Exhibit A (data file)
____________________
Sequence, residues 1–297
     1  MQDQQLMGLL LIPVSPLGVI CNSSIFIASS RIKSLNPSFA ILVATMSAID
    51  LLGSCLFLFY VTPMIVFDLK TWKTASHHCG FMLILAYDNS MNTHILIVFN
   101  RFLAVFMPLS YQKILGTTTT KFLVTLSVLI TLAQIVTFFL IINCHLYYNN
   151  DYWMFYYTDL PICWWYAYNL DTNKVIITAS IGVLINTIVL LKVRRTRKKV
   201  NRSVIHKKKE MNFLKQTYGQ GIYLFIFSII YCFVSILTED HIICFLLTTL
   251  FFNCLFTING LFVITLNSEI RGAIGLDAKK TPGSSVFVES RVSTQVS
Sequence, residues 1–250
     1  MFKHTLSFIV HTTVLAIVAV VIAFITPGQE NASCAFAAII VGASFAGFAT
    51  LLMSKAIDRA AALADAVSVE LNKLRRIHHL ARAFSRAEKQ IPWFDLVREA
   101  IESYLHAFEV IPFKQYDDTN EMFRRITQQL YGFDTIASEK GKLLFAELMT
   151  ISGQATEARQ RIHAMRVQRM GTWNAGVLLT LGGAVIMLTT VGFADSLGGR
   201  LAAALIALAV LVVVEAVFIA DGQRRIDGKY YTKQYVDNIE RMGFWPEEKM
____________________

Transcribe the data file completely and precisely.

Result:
Sequence, residues 1–297
     1  MQDQQLMGLL LIPVSPLGVI CNSSIFIASS RIKSLNPSFA ILVATMSAID
    51  LLGSCLFLFY VTPMIVFDLK TWKTASHHCG FMLILAYDNS MNTHILIVFN
   101  RFLAVFMPLS YQKILGTTTT KFLVTLSVLI TLAQIVTFFL IINCHLYYNN
   151  DYWMFYYTDL PICWWYAYNL DTNKVIITAS IGVLINTIVL LKVRRTRKKV
   201  NRSVIHKKKE MNFLKQTYGQ GIYLFIFSII YCFVSILTED HIICFLLTTL
   251  FFNCLFTING LFVITLNSEI RGAIGLDAKK TPGSSVFVES RVSTQVS
Sequence, residues 1–250
     1  MFKHTLSFIV HTTVLAIVAV VIAFITPGQE NASCAFAAII VGASFAGFAT
    51  LLMSKAIDRA AALADAVSVE LNKLRRIHHL ARAFSRAEKQ IPWFDLVREA
   101  IESYLHAFEV IPFKQYDDTN EMFRRITQQL YGFDTIASEK GKLLFAELMT
   151  ISGQATEARQ RIHAMRVQRM GTWNAGVLLT LGGAVIMLTT VGFADSLGGR
   201  LAAALIALAV LVVVEAVFIA DGQRRIDGKY YTKQYVDNIE RMGFWPEEKM